Engineering Simulation Software from ANSYS to Play Key Role in Developing Improved Treatment for Disease that Costs Billions
SOUTHPOINTE, Pa : ANSYS, Inc. (NASDAQ: ANSS), a global innovator of simulation software and technologies designed to optimize product development processes, today announced its participation in the Osteoporotic Virtual Physiological Human Project (VPHOP), launched this fall by a European consortium. VPHOP aims to develop a new generation of medical technologies designed to predict the patient-specific risk of osteoporosis and bone fracture, improving diagnosis and treatment as well. Software from ANSYS is being used to simulate the variety of structural and fluid flow dynamics within the human anatomy based on the project’s collection of anatomical, physiological and pathological data.
Osteoporosis is a common and potentially life-threatening condition that causes patients to suffer unusually low bone mass, making bones weak, brittle and susceptible to fracture. Thirty percent to 50 percent of all women and 15 percent to 30 percent of all men will face an osteoporotic fracture in their lifetimes. In Europe, there are approximately 4 million fractures as a result of osteoporosis every year. The condition results in disability and direct hospital expenses that cost €30 billion (approximately $38 billion U.S.) annually. With an aging population, the cost is set to double by the year 2050 (source: International Osteoporosis Foundation).
Current treatments for osteoporosis focus on fracture prevention through a risk assessment based on historical patient data from similar reference populations. VPHOP takes a different approach by personalizing risk assessment. The project will develop patient-specific computer models based on conventional diagnostic imaging methods, incorporating the results of engineering simulation studies using software from ANSYS, to predict the daily loading of the skeleton for normal and abnormal activities. The computer models will allow clinicians to predict the actual risk and location of fracture for each patient, currently and into the future.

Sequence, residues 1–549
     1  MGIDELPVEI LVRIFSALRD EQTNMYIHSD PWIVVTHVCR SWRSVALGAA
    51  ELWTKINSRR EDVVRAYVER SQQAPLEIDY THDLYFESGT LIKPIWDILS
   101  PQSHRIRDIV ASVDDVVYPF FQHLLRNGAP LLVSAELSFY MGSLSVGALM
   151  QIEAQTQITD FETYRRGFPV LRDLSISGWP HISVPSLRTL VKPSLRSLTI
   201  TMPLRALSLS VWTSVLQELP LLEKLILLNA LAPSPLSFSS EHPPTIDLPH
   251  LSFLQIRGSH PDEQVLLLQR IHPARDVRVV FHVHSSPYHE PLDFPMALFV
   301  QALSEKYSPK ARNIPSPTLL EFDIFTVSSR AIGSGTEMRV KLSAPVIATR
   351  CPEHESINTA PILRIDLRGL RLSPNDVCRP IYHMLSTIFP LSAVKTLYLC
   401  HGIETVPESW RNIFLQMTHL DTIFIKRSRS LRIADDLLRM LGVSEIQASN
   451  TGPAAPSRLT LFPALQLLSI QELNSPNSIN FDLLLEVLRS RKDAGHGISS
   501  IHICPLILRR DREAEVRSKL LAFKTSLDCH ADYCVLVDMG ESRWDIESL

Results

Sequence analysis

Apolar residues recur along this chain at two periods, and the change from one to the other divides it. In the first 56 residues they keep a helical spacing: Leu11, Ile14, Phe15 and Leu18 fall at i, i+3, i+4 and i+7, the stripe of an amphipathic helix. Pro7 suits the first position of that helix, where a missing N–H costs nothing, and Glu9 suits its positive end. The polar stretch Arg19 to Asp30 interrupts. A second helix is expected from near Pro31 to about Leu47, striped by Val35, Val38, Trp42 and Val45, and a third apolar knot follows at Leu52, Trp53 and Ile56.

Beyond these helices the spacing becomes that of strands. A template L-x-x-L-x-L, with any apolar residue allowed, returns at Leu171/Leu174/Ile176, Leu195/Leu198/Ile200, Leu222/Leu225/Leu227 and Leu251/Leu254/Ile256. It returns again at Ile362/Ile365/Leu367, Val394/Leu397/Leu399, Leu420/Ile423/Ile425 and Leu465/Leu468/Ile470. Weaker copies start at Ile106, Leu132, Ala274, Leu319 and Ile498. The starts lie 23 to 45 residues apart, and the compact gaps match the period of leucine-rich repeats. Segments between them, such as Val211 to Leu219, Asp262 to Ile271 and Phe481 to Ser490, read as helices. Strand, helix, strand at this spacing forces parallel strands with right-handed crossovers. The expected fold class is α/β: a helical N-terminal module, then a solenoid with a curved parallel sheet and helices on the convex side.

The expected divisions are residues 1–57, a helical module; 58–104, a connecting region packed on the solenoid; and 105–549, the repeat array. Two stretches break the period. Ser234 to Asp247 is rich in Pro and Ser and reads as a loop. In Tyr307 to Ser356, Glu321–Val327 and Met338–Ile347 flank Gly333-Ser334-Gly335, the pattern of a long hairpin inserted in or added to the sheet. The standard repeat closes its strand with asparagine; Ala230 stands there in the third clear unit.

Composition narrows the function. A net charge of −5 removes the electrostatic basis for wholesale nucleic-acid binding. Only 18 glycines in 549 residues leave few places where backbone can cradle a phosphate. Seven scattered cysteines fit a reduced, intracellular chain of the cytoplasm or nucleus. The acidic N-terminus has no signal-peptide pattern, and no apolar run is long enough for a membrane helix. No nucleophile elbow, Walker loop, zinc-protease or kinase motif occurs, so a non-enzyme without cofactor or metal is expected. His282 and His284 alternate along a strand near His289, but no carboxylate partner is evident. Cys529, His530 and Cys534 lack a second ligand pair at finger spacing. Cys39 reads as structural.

“The current approaches to fracture risk assessment oversimplify what is an extremely complex and multifaceted problem,” said Dr. Marco Viceconti, coordinator of VPHOP. “These approaches are only 60 percent to 70 percent accurate. But by applying the latest technology and using the analysis procedures we are developing, in conjunction with current approaches, we believe we will be able to substantially improve this figure.”
“Our multiphysics engineering simulation software has enormous potential in the area of biomechanics and pharmacology. The fact that we can play an important role in VPHOP and help to improve and extend the lives of millions of people is both humbling and quite extraordinary,” said Jim Cashman, president and chief executive officer of ANSYS, Inc. “This project also demonstrates how our software can be a real driver in the development of patient-specific healthcare. Once you have the geometry of part of an individual’s anatomy — something easily available via CT or MRI scan — you also have the technology to run simulations of structural, fluid, and heat flows along with electric and magnetic fields, all of which are critical to the operation of the human body. The potential growth for engineering simulation in the healthcare industry is immense.”
VPHOP is being driven by a consortium of 19 European organizations, including ANSYS France. It is one of only a handful of studies to successfully gain funding from the European Commission for its research initiative, “The Virtual Physiological Human.”
Running for four years until 2012, the VPHOP consortium will enable clinicians to provide accurate prognoses and implement more-effective treatment strategies based on both drug treatments and forms of direct intervention treatment. A searchable database will be developed as part of this collaboration, which could later be used for any patient specific-modeling for applications ranging from osteoporosis to cardiovascular disease to cerebral aneurysm.
Jan 15, 2009
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